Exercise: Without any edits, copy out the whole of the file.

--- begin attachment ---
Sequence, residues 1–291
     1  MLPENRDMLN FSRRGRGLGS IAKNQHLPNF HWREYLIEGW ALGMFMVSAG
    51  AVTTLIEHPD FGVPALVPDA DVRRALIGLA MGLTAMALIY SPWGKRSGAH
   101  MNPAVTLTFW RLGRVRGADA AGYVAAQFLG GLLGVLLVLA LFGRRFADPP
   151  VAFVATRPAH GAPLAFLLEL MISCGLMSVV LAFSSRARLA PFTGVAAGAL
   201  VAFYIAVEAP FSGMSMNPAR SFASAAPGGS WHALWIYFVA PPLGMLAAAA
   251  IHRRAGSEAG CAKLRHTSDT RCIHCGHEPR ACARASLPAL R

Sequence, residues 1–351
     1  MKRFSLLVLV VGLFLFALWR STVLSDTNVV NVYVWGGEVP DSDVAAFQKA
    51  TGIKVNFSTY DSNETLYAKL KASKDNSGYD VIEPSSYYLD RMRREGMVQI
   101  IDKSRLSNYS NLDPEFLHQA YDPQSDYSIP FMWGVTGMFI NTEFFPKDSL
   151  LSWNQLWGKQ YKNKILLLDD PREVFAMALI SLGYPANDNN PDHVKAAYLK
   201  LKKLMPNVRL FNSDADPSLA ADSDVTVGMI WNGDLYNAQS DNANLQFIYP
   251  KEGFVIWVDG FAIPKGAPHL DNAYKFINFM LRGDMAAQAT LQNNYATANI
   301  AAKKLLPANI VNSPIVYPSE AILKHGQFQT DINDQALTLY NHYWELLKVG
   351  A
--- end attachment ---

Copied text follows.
Sequence, residues 1–291
     1  MLPENRDMLN FSRRGRGLGS IAKNQHLPNF HWREYLIEGW ALGMFMVSAG
    51  AVTTLIEHPD FGVPALVPDA DVRRALIGLA MGLTAMALIY SPWGKRSGAH
   101  MNPAVTLTFW RLGRVRGADA AGYVAAQFLG GLLGVLLVLA LFGRRFADPP
   151  VAFVATRPAH GAPLAFLLEL MISCGLMSVV LAFSSRARLA PFTGVAAGAL
   201  VAFYIAVEAP FSGMSMNPAR SFASAAPGGS WHALWIYFVA PPLGMLAAAA
   251  IHRRAGSEAG CAKLRHTSDT RCIHCGHEPR ACARASLPAL R

Sequence, residues 1–351
     1  MKRFSLLVLV VGLFLFALWR STVLSDTNVV NVYVWGGEVP DSDVAAFQKA
    51  TGIKVNFSTY DSNETLYAKL KASKDNSGYD VIEPSSYYLD RMRREGMVQI
   101  IDKSRLSNYS NLDPEFLHQA YDPQSDYSIP FMWGVTGMFI NTEFFPKDSL
   151  LSWNQLWGKQ YKNKILLLDD PREVFAMALI SLGYPANDNN PDHVKAAYLK
   201  LKKLMPNVRL FNSDADPSLA ADSDVTVGMI WNGDLYNAQS DNANLQFIYP
   251  KEGFVIWVDG FAIPKGAPHL DNAYKFINFM LRGDMAAQAT LQNNYATANI
   301  AAKKLLPANI VNSPIVYPSE AILKHGQFQT DINDQALTLY NHYWELLKVG
   351  A